[Poverty and child health in the rich Europe].
- SourceAvailable from: Claes Norring[Show abstract] [Hide abstract]
ABSTRACT: Previous research demonstrates that the relationship between socio-economic status (SES) and eating disorders is not consistent. The present study compares SES and demographic factors among Swedish women, randomly drawn from the population register and female patients seen for treatment. 223 consecutive eating disorder patients (ED) between 18 and 24 years of age (anorexia, n=26, bulimia, n=127, Eating disorder not otherwise specified, n=70) were compared with 750 normal controls (CONT) between 18 and 24 years of age. Both groups were assessed using the same questionnaire regarding SES and demographic factors. ED's have a higher SES background and live in more privileged socio-demographic areas than CONT. ED's have lower social status, have more separations, and are more often single than CONT. These data demonstrate a connection between high socio-economic and demographic data, low social status and eating disorder patients compared to normal controls.Eating and weight disorders: EWD 01/2005; 9(4):279-84. DOI:10.1007/BF03325082
- [Show abstract] [Hide abstract]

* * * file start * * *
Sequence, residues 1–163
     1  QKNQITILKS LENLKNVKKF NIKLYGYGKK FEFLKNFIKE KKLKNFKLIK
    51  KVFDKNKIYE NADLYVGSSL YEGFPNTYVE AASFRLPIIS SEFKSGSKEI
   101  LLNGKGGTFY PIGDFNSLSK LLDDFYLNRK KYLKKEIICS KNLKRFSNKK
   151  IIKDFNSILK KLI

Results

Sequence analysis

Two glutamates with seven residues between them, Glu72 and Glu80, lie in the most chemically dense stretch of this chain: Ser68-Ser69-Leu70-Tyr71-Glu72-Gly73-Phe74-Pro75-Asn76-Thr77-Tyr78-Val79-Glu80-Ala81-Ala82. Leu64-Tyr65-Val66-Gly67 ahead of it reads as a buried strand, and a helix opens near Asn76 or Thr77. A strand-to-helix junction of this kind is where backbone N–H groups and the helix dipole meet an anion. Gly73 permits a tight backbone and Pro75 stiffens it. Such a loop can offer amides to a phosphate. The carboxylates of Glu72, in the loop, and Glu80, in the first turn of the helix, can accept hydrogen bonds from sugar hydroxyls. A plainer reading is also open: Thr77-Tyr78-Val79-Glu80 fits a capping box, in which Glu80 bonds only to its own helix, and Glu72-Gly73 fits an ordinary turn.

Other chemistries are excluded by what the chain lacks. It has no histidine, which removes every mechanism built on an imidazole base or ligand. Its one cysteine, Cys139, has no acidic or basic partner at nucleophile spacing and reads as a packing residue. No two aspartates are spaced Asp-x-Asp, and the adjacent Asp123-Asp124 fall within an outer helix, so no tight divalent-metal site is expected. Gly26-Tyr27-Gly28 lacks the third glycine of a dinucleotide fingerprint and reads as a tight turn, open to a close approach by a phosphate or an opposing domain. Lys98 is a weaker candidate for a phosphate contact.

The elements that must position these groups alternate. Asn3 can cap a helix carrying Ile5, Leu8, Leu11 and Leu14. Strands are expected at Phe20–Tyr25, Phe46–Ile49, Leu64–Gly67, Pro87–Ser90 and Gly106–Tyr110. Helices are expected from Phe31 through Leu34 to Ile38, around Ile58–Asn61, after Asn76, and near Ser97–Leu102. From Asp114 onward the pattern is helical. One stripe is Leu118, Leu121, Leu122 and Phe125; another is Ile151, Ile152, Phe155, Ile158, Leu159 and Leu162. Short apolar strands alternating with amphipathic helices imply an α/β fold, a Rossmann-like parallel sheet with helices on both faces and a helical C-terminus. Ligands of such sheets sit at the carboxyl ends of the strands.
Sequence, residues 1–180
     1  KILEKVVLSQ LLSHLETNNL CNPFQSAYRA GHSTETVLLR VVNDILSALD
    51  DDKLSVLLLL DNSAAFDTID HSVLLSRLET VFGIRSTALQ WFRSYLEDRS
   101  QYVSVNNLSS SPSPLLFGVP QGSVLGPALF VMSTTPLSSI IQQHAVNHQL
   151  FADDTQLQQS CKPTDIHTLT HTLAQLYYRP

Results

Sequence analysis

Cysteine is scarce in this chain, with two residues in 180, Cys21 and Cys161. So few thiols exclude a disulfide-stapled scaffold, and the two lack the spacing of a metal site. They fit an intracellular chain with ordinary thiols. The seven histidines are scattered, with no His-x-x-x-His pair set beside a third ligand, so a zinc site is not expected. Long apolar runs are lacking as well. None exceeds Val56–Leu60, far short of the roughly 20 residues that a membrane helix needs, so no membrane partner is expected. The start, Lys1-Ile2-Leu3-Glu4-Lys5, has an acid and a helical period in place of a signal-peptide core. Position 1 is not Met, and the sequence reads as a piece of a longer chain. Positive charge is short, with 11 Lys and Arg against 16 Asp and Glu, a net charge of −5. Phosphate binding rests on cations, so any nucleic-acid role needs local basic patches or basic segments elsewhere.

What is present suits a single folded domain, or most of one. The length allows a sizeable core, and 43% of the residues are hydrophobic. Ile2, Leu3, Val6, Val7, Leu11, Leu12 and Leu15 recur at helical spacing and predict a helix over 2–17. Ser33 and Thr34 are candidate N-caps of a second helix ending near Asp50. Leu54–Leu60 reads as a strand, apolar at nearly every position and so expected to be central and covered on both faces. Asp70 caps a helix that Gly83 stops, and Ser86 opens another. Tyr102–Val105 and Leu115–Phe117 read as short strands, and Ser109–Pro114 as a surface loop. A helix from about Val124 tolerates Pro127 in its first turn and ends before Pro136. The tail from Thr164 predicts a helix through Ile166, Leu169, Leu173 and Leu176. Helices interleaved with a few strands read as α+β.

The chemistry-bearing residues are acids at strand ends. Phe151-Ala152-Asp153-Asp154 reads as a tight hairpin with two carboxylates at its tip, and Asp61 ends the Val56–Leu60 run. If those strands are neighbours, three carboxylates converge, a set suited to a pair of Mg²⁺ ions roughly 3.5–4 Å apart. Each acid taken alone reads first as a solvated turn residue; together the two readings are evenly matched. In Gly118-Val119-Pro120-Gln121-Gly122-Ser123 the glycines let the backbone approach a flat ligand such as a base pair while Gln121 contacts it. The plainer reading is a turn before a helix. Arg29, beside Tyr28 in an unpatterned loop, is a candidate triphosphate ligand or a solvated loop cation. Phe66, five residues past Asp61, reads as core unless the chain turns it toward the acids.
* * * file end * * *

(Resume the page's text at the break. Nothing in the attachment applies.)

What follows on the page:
ABSTRACT: In Sweden social security is a means-tested financial allowance. The Social Services Act states that an individual is entitled to financial support when his/her needs are not met in any other way. The aim of the present study was to analyse the prevalence and impact of various illness factors and symptoms in social security recipients compared to non-recipients in a welfare state, in this case Sweden. A simple random sample of 20 100 individuals was selected from a national survey that covered all individuals in the 18-84 year age group in Sweden. A postal survey was thereafter conducted. Multiple logistic regression was employed as a statistical test. Odds ratio (OR) and a 95% confidence interval (CI) was used. Social security recipients were found to have a significantly higher risk in most of the studied variables. Reduced psychological wellbeing measured by means of the GHQ12 was significantly higher in this group compared to the rest of the population (OR 1.41 CI 1.03-1.94) and their lack of trust was greater (OR 1.96, CI 1.45-2.66). They reported more sleep disturbances (OR 2.16, CI 1.58-2.94) and suffered from anxiety (OR 1.74, CI 1.28-2.36). Their dental health was worse (OR 2.44, CI 1.82-3.28) and they had more pain in their hands and legs (OR 1.57, CI 1.16-2.12). Social security recipients were more often humiliated (OR 1.79, CI 1.31-2.44) and exposed to threat (OR 1.69, CI 1.09-2.61). They were less physically active (OR 1.56, CI 1.17-2.08), had a poorer diet (OR 1.95, CI 1.45-2.63) and were more often smokers (OR 3.20, CI 2.37-4.33). The challenge for the welfare state consists of recognising the significance of both structural and lifestyle factors as a means of reducing the health gap.BioPsychoSocial Medicine 10/2008; 2:15. DOI:10.1186/1751-0759-2-15